“We made very good progress,” Poul Thomsen, head of the IMF’s mission to Greece told reporters yesterday, adding that he hoped talks would be concluded early today, before the Eurogroup meeting of finance ministers.
Finance Minister Yannis Stournaras also said he was optimistic of a deal on Monday morning. The two sides were due to leave Athens yesterday, but could remain in touch to nail down final details, Reuters informs.
Government sources have suggested that the troika is in a position to complete its review of the adjustment programme and allow Eurozone finance ministers to decide later today whether to release another EUR 8.1 billion of bailout funding.
According to Kathimerini, a deal seems to have been clinched after the troika inspectors accepted Administrative Reform Minister Kyriakos Mitsotakis’ plans for completing a labour mobility scheme involving 12,500 civil servants.
However, Mitsotakis had to agree in return that the programme would run for eight months rather than 12. It appears that as a result of agreeing to shorten the duration of the scheme, Mitsotakis will be allowed until the end of September to identify all 12,500 public sector workers who will be transferred to other positions.
“It is sealed, there will not be any more meetings regarding the public sector,” Mitsotakis said on Saturday afternoon. “All that is left is for the Eurogroup to give its approval.”
According to sources, 5,000 of those who will be included in the programme will be local authority employees, including school crossing guards and cleaners. Some 3,500 municipal police officers will also be added. They will undergo an evaluation and for every one that is transferred to the main police force, another three will be dismissed. Another 2,000 employees are to come from the education sector, while ministry personnel will also be added once the restructuring of government departments is completed.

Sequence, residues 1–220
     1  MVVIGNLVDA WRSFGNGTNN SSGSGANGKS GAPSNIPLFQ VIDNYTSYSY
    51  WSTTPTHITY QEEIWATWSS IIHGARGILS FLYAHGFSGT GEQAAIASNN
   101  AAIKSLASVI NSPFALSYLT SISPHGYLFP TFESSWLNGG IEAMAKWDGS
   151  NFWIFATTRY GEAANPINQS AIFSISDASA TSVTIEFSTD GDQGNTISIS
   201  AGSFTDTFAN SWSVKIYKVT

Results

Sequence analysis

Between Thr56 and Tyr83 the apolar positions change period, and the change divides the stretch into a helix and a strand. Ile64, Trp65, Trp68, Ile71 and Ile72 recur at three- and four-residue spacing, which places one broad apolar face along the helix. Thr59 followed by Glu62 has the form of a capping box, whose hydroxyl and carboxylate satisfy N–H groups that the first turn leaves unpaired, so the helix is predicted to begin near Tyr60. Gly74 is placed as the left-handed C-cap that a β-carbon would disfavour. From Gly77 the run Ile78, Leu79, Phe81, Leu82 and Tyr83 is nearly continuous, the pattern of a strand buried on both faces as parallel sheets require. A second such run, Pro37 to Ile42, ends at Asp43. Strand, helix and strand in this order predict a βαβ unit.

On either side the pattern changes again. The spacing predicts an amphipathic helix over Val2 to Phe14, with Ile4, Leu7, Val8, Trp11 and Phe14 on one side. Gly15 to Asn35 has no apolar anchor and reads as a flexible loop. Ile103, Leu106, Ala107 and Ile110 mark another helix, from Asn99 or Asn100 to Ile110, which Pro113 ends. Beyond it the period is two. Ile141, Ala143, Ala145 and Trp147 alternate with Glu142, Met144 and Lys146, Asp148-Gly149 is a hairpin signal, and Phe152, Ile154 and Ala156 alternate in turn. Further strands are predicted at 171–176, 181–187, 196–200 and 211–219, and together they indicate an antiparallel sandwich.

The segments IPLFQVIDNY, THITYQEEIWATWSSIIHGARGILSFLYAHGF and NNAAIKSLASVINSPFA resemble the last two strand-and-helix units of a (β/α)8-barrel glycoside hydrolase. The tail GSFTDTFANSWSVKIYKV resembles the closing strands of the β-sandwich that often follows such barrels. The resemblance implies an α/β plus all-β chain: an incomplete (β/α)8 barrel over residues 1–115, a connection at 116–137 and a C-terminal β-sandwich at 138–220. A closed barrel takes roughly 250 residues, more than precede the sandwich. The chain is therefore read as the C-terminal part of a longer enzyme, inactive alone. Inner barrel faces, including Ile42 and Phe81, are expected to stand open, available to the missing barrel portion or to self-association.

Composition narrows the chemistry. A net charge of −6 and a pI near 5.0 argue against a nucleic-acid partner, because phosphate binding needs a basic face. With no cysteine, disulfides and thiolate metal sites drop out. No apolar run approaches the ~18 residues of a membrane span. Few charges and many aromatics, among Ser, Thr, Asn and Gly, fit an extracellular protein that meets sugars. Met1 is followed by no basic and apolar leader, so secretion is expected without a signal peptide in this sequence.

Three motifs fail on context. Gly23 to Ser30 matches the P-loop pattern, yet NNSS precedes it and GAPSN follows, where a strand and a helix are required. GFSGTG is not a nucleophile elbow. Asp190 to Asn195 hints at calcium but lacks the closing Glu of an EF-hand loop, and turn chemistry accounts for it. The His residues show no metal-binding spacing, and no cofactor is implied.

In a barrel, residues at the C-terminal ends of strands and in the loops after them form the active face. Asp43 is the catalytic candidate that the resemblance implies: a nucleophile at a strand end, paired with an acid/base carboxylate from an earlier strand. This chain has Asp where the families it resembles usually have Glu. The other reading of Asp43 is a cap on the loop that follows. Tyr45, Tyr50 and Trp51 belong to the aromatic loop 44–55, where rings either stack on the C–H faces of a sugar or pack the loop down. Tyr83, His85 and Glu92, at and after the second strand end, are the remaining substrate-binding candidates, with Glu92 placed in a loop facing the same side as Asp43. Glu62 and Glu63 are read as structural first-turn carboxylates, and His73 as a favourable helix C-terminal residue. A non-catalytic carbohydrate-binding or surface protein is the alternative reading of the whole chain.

The two sides also appear to have reached an agreement over a supposed funding gap of about EUR 2 billion for this year and next. The Greek government said that it would “claw back” much of the overspending at healthcare provider EOPYY by forcing private clinics that worked with the public organization to accept reduced payments.
There were also reports that the troika agreed to the seasonal reduction of value-added tax in the food service sector from 23 to 13 percent in return for a rise in tax on luxury goods.
The next tranche of international aid for Greece could be split into installments, EU commissioner Olli Rehn said, holding out the prospect of a continued hand-to-mouth existence for Greece that threatens to stifle its economy.
According to media reports, Rehn confirmed what many officials have expressed privately amid growing frustration with Athens’ slow pace of reform, namely, that the tranche could be split into several installments.